I was speechless. Two professional Volkswagen mechanics hadn’t been able to figure out what’s wrong with my van after 2 days of intermittent fiddling, and here this tie-dyed hippie kid comes along and in about 2 minutes flat solved the problem, or least made a good start. And the timing of his arrival was not lost on me, either, coming so immediately in the wake of my surrender. That's how it works sometimes. Yep, this guy was my angel of mercy, all right, provided by The Universe Itself, and I was smiling for the first time since I’d hit Nitro. Now all I had to do was kick back and go with the flow.

Matt – that was his name - rummaged around in his cluttered work truck and came up with a matching part, but it was old and badly worn. Keith & Son’s didn’t have one in inventory, either, so Matt got on his cell phone. A couple of calls later he’d found what we needed and off we sped to his buddy’s house 12 miles away, up a country road named Sugar Creek Drive.

Matt's friend, Jay, was a master mechanic and another old-Vanagon aficionado. That made two of them in this one little corner of West Virginia; four if you count Keith & Keith. What are the odds? I've been to large cities that didn't have a single person could work on these things, let alone come up with parts. I didn’t know it yet, but Jay was going to be the other half of my salvation, my second angel. That’s two in one day. I felt like I’d died and gone to heaven. Well, almost heaven.

Jay sold us a spare air intake boot he had for $20, a fraction of the cost new, and it was soon installed in my van back in Nitro. The engine ran better, but it still lost power under load. Matt replaced most of the fuel system. The engine still coughed and stalled. Not to be beaten, he worked on it late into the night - testing, tuning, fussing, muttering – determined to lick the problem no matter how elusive.

It was pushing midnight by the time he quit and he had pretty much narrowed it down to a dirty, probably rusted fuel tank with a clogged, inaccessible internal filter. The next morning he was back at it. Jay showed up and after a series of experiments, agreed with Matt’s diagnosis. The tank had to be replaced. Matt whipped out his cell phone again, logged onto the Internet, and in a matter of minutes had ordered a new gas tank plus a bunch of other stuff from a specialty outfit in California, which I paid for (plus a 3-day expedited delivery charge) with a credit card.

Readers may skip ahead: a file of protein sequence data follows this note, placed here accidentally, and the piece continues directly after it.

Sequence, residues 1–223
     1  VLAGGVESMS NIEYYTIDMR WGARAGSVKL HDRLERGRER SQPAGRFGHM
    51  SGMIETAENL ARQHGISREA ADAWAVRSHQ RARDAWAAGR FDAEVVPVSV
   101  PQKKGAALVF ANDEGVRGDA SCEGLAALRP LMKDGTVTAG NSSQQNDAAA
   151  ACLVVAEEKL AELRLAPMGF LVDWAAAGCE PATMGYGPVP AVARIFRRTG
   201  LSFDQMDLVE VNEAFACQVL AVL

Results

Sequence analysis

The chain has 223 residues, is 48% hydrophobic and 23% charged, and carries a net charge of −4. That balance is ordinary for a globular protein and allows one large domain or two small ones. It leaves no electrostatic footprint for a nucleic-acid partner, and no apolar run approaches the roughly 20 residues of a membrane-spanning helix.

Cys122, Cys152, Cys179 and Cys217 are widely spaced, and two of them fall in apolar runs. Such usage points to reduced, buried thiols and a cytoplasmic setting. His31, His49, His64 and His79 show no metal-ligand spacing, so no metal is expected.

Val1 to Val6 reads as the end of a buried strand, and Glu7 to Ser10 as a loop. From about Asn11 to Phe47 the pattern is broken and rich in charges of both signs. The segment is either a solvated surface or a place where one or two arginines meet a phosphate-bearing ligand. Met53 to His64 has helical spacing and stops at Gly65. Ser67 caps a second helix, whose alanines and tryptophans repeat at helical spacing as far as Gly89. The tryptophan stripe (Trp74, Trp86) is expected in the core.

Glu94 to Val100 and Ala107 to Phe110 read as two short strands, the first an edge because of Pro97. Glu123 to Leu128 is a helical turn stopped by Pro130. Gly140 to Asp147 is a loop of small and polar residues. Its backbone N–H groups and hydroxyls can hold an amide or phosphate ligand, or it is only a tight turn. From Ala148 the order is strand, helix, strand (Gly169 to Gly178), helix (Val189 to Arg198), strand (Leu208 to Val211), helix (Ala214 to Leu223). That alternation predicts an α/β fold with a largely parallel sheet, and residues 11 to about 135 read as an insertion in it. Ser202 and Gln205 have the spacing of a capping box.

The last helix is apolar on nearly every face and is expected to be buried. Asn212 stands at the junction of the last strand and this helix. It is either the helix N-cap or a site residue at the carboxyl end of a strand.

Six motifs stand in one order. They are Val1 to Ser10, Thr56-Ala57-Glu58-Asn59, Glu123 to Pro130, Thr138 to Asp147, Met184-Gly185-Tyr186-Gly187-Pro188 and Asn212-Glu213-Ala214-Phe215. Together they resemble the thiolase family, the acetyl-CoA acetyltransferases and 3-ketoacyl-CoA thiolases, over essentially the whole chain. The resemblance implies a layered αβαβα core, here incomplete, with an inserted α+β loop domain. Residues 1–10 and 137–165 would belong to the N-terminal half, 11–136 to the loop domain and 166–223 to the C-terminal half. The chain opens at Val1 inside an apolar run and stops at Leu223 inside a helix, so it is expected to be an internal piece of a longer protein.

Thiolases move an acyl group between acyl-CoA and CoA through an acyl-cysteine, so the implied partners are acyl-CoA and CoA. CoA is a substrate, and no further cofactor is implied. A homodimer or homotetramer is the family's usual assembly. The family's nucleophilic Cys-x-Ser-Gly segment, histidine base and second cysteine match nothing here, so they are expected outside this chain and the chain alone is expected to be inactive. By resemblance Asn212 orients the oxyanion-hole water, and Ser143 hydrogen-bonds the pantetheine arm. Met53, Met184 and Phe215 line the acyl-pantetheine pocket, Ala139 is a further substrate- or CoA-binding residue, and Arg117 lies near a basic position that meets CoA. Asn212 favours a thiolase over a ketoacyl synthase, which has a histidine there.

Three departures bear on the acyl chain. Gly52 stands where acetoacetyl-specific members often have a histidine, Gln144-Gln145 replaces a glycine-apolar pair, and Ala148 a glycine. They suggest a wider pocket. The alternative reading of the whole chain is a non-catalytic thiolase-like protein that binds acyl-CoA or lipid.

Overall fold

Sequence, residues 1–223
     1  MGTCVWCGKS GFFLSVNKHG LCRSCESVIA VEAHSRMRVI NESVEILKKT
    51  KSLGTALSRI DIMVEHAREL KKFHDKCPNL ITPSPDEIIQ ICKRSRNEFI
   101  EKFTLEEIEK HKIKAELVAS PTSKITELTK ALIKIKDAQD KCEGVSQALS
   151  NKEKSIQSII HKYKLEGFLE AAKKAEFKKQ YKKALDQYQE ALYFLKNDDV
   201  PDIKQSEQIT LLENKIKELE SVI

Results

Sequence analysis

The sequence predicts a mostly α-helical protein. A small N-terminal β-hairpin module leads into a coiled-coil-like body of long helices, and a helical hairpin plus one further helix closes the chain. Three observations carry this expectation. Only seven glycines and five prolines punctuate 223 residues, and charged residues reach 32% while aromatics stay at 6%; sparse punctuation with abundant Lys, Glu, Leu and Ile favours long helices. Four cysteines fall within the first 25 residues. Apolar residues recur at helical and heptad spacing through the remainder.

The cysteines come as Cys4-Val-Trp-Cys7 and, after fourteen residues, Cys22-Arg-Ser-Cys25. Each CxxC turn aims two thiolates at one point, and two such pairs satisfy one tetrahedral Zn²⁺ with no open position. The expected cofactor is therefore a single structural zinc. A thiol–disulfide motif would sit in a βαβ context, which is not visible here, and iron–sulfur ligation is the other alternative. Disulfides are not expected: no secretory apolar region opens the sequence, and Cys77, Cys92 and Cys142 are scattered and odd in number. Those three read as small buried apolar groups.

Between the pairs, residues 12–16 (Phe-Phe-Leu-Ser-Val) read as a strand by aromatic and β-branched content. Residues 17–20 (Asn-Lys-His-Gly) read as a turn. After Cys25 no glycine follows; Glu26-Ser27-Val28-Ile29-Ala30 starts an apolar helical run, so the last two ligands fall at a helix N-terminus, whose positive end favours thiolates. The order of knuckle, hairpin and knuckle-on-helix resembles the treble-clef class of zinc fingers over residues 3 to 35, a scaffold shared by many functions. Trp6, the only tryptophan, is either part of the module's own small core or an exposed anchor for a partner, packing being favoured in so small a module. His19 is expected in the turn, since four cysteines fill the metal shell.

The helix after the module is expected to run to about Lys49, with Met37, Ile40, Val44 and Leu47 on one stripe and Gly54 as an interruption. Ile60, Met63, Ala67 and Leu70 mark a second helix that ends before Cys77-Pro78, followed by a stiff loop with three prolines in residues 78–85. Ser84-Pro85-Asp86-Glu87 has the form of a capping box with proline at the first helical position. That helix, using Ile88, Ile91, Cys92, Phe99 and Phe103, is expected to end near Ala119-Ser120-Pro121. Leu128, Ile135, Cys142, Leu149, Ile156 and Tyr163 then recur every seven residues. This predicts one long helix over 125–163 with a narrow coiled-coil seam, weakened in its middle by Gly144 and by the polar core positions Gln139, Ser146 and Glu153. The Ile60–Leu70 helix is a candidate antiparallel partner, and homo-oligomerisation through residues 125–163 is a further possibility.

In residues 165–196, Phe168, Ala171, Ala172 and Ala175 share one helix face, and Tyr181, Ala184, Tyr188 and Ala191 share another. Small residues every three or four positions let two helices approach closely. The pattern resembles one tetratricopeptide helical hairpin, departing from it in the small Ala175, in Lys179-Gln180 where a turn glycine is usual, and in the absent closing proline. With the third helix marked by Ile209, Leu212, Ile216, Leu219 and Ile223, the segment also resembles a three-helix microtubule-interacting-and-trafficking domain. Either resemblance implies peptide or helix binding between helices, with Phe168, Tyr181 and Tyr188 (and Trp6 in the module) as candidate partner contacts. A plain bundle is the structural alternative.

Now I had 3 days to wait (or so we thought – it turned out to be 5) until the parts arrived. Keith Sr. had been patient and even helpful throughout all this, but he really wanted my van off his car lot, and so did I. So when Jay offered me a place in his driveway up on Sugar Creek Drive, I jumped at it. We rigged a temporary bypass for the fuel line and off we went, the van running pretty well with the jury rig.

My new host was in his mid-30’s, tall, long-haired and independent. We quickly became pals. That night he had a few friends over for a 3-guitar jam session in his yard. We all talked and drank beer and serenaded the stars while lightening bugs swarmed in the trees, sparkling like Christmas decorations. A few feet away my home sweet campervan sat beneath a great, sprawling shade tree. What a change from downtown Nitro!

The next morning Jay invited me to tag along with him to a local motorcycle sales & repair place to see a buddy of his. We marched right through the dealership showroom, past the Authorized Personnel Only sign and into the mechanic's shop in the back. Jay and I sat on wood stools while his friend, the head mechanic, fussed with an old Harley engine. There we 'set a spell,' surrounded by tool benches and half-dissembled motorcycles, sipping coffee in paper cups and shootin' the breeze. Well, they shot the breeze. I mostly just listened, not always understanding their terminology or their dialect but enjoying the setting, like a scene in a documentary about a little-known American sub-culture. It was kind of cool just being there while they rambled on about friends and family and local events and motorcycle parts.